Performance Royalty for Radio

Lots of words have been written about this, but it's like the debate about the death penalty and the "right to life" - the real world is more nuanced than the apologists for either side would have us believe.

It makes perfect sense that if the streaming music providers need to pay performance royalties, then the radio stations should as well.  In fact, it makes sense that every "public" performance of a work should be targeted with a fee.  So, this includes any situation where more than one person is present in a place where a CD or other recorded music is played.  You church Christmas party, your July 4th block party, the local bar where they play CDs for ambience, the Labor Day Firemen's Barbeque for MS.  All of these venues should be paying an ASCAP/BMI writer's royalty today.  This, of course, is the same logic that applies to film.

On the other side of the coin, the performer makes a sum of money for each track sold at retail (albeit, a tiny sum).  So, it can be argued that public performance of the performer's work provides promotional exposure of the work and will drive people to purchase it. Which is absolutely true (assuming the recording appeals to anyone).  We know from marketing research that repeated exposure to a sound recording will eventually motivate a listener to take action - the old "frequency of 3" principle.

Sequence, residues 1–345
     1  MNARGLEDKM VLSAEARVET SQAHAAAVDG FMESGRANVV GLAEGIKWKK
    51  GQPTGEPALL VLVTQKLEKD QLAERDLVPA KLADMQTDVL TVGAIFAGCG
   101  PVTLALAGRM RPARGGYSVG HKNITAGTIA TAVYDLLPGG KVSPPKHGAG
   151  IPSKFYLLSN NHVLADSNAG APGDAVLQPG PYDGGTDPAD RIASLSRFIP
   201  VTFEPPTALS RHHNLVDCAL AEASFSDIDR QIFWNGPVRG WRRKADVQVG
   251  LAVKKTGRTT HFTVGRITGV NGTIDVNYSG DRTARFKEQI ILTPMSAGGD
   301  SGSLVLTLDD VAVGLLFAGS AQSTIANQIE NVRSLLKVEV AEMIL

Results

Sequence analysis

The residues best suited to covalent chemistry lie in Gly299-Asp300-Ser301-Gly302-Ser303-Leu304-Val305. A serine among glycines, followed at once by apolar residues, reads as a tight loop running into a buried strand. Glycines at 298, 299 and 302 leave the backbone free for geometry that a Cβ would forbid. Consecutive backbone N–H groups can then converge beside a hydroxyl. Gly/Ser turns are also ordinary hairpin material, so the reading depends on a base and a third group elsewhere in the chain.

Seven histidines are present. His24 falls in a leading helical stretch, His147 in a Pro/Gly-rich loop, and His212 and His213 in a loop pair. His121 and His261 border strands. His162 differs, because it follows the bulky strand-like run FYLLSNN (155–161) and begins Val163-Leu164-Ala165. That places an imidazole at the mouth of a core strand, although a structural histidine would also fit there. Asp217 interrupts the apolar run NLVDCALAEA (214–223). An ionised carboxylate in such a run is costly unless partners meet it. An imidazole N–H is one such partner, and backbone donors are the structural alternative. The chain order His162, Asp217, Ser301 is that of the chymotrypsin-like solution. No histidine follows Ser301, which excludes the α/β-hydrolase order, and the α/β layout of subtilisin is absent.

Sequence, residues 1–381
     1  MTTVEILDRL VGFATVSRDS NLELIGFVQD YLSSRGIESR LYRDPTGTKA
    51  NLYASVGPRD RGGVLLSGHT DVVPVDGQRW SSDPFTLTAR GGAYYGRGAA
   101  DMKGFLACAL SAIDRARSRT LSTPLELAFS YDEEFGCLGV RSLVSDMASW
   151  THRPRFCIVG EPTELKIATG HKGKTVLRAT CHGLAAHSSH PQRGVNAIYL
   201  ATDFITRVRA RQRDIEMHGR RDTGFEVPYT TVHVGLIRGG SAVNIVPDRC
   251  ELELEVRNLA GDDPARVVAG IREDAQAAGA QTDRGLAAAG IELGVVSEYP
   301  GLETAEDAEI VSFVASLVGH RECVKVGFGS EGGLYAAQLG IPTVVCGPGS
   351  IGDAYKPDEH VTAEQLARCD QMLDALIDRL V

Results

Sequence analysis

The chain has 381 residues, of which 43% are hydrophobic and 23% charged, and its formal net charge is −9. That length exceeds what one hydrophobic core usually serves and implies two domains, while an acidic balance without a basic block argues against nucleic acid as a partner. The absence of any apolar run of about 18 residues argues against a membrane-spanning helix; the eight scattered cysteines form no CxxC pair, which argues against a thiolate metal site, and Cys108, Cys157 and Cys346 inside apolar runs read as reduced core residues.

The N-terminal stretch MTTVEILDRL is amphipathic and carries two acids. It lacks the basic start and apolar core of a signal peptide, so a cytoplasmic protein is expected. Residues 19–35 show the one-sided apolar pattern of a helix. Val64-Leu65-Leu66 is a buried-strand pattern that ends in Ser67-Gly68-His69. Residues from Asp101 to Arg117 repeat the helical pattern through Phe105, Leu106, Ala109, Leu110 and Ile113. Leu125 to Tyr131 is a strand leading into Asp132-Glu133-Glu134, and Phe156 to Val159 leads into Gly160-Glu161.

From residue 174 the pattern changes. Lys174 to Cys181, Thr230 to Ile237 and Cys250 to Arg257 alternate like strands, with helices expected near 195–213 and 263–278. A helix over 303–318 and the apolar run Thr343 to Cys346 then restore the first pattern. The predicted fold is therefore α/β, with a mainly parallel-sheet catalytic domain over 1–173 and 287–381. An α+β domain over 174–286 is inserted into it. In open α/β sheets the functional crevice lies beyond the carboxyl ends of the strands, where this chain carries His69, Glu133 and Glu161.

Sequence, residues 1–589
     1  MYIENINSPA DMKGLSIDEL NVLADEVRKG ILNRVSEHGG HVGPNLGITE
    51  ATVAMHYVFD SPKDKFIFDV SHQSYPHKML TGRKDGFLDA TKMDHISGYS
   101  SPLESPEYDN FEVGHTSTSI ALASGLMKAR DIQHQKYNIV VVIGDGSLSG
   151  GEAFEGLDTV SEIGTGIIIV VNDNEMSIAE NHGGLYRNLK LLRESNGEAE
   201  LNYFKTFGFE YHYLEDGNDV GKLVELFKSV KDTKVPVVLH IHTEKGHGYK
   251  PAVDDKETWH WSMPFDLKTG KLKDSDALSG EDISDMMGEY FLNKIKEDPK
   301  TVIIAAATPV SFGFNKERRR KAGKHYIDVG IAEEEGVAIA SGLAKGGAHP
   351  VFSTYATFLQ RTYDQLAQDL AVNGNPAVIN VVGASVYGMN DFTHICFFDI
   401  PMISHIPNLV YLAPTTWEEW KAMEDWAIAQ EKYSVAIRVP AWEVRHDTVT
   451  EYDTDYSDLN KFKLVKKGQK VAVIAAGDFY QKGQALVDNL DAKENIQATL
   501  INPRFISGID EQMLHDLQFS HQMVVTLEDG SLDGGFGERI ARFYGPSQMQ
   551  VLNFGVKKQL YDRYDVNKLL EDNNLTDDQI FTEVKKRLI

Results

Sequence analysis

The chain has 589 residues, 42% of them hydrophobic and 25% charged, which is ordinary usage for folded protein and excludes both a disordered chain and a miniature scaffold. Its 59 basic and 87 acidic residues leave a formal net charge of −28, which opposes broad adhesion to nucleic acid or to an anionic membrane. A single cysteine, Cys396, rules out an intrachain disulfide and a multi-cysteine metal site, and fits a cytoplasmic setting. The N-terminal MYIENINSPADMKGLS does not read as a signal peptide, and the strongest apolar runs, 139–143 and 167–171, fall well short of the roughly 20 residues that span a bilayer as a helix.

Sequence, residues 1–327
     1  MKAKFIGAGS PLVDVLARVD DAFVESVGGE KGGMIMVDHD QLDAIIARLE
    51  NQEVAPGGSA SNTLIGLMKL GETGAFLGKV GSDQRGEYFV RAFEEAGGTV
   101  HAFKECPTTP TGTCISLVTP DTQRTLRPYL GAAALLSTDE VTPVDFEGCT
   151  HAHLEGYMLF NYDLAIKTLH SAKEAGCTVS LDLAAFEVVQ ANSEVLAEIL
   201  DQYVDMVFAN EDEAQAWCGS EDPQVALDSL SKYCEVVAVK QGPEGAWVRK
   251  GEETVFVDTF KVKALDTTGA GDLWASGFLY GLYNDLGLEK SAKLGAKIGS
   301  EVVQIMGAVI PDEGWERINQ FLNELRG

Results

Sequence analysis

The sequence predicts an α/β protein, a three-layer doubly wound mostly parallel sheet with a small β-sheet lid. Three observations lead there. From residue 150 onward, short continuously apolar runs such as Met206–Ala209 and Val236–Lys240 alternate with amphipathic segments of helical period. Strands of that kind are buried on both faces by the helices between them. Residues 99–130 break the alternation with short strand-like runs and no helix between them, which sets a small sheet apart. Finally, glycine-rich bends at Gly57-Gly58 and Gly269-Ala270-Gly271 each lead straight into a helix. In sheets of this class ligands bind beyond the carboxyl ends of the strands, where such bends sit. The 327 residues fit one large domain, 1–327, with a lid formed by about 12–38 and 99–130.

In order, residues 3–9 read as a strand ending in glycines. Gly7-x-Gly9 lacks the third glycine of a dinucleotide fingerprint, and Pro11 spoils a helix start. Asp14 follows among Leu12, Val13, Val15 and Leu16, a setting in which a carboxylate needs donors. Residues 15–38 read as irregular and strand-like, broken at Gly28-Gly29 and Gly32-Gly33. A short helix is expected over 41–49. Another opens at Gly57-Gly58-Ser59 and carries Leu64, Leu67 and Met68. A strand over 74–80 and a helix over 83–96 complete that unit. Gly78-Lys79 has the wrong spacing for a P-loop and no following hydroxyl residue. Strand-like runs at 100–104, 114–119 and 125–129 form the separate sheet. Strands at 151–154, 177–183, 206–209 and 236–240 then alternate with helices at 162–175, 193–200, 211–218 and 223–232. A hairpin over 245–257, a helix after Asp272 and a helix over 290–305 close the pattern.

What really makes this smell to high heaven is that the record companies find themselves in the position to ask for these fees because of the very fact that the radio industry has provided free promotion exposure to these acts for the past 86 years.  Frankly, I would proposed that radio stations submit a bill to the record companies for all of the airplay - free promotional exposure - that their product has received over the years.  If they want to open Pandora's box, then so be it.

Here's some links to find interesting commentary on this subject:

Broadcast Law Blog 

Mark Ramsey's Hear 2.0

Inside Music Media - Jerry Del Colliano

Kurt Hanson's RAIN